AGL Rescue Helicopters, first to arrive, last to leave

One of the many winch rescues - Images supplied by the AGL Action Rescue Helicopter Service
One of the many winch rescues – Images supplied by the AGL Action Rescue Helicopter Service

A week ago today, 18 rescue helicopters swarmed over the flood stricken streets of North Bundaberg, winching hundreds from their rooftops to refuge.
What many don’t realise, is that by then the region’s own AGL Action Rescue Helicopters had already saved dozens of lives. Braving atrocious weather in the wake of ex-tropical cyclone Oswald, the AGL Action Rescue Helicopters were the only air assets able to get through from the south to begin the rescue effort three days earlier.
For eight days, the Action Rescue crews worked tirelessly to save more than 100 people aged from just seven days to 92 years. They winched families stranded on the roofs of their inundated homes, they rescued people left clinging to trees as the flood waters roared past, the evacuated the elderly and medical patients from hospitals and nursing homes, always putting their community ahead of themselves. Bundaberg Pilot Peter Potroz’s home was completely cut-off and his outer-lying buildings inundated while he was in the air saving others from a similar fate.
The not-for-profit Rescue Service committed its own Bundaberg hangar to the rescue effort, becoming a triage point for 150 hospital evacuees and the staging point for the army’s black-hawk helicopters and personnel.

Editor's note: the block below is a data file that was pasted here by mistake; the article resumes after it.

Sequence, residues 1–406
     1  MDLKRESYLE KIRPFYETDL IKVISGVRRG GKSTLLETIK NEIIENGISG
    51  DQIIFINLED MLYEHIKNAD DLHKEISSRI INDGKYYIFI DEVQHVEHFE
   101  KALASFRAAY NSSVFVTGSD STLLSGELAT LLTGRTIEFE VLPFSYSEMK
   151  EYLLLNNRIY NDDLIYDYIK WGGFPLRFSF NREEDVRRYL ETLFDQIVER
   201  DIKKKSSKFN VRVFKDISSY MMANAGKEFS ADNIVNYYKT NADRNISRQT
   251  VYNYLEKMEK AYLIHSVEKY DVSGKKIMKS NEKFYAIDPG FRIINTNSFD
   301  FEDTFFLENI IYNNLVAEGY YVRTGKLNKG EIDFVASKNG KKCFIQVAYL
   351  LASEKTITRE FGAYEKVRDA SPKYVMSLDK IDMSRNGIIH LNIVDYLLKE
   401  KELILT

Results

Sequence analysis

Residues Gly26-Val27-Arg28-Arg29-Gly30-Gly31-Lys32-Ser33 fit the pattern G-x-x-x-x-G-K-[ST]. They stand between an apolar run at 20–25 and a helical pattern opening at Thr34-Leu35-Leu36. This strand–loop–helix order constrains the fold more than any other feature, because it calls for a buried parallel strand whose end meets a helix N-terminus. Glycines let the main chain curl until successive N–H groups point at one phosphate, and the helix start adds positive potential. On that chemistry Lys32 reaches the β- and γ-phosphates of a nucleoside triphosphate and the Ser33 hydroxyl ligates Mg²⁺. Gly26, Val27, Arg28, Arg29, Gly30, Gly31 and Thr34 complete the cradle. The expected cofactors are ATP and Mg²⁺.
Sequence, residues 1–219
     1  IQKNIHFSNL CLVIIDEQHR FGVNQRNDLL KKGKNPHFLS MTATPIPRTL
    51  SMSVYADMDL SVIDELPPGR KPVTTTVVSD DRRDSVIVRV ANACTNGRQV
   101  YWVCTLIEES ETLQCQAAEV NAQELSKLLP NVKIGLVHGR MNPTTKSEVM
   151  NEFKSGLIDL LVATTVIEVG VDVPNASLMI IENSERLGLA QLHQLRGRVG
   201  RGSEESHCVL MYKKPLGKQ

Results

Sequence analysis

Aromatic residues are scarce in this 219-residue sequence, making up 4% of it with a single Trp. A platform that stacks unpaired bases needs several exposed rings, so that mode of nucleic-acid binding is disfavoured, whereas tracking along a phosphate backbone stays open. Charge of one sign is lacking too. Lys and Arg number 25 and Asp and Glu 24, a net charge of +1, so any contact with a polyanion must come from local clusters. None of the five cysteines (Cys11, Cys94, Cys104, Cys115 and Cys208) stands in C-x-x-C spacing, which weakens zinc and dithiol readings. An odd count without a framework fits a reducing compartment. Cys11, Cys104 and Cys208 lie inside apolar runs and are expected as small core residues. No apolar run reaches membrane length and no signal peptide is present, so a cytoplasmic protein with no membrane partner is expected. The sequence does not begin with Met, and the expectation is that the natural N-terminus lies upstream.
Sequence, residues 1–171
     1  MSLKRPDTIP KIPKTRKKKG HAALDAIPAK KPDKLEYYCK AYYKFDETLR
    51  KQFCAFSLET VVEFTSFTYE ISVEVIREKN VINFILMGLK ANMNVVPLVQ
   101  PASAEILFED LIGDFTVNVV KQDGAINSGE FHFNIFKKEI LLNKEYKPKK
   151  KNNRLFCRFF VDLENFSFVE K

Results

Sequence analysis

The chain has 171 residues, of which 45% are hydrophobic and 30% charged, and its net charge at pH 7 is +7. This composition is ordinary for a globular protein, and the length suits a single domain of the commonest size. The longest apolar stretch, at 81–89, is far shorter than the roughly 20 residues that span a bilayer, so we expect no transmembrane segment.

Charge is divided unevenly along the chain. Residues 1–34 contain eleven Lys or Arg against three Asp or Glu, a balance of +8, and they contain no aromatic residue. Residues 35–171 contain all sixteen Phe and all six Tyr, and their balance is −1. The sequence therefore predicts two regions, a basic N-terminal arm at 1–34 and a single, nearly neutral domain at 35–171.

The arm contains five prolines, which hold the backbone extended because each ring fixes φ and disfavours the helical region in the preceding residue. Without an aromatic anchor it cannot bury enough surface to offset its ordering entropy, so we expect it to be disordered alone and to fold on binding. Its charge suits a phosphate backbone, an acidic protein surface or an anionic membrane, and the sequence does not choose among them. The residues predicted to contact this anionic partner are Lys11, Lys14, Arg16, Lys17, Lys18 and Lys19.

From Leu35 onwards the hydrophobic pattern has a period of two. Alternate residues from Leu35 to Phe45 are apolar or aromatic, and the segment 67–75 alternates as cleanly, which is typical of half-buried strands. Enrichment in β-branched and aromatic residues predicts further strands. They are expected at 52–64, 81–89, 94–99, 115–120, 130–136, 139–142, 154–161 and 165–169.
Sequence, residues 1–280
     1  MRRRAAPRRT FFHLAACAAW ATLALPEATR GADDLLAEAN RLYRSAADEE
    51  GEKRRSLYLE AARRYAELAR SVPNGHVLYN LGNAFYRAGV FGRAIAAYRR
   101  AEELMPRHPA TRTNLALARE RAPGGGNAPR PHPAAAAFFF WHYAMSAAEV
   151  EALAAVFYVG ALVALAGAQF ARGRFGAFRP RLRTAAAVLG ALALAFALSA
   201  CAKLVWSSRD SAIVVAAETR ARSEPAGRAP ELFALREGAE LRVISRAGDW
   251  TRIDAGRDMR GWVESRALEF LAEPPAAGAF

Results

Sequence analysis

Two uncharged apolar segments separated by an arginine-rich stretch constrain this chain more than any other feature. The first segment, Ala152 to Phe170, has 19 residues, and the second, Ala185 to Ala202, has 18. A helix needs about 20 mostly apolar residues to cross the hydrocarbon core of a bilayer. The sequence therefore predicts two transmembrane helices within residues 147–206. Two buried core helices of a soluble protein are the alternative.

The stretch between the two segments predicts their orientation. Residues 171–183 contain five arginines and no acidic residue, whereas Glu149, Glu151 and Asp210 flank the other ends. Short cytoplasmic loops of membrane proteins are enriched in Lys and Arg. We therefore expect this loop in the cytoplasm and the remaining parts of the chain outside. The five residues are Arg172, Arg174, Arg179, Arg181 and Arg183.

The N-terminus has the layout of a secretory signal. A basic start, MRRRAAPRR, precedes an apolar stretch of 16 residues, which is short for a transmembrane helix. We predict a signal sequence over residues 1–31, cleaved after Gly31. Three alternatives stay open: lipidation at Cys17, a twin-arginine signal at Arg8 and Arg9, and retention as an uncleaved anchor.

The Service’s engineers worked ’round the clock, foregoing their Australian Day long weekend to ensure all three AGL Action Rescue Helicopters were committed to the effort. One had been due for its 300 hours service.
The AGL Action Rescue Helicopter Service is the state’s busiest Community Helicopter Provider and second only to the Queensland Government’s EMQ Helicopter in Brisbane – but during the flood crisis crews flew in excess of 83 hours to execute dozens of life saving rescues – a figure normally flown once every month.
In the first two days alone the Service’s “Rescue 511” flew 1600 kilometres, saving families in the outer lying communities of Bundaberg, the Fraser Coast, Gladstone, Gympie, Maryborough, and North and South Burnett.
And while the other rescue helicopter’s left the region last week, the AGL Action Rescue Helicopter remains in Bundaberg, assisting the community as it moves into recovery mode, there for its people still in need of an emergency medical and rescue helicopter.
In fact across its fleet of three helicopters AGL Action Rescue supports 700,000 people across a region reaching 100,000 square kilometres and stretching north to 1770, south to Redcliffe and from Kilcoy to Fraser Island and beyond.
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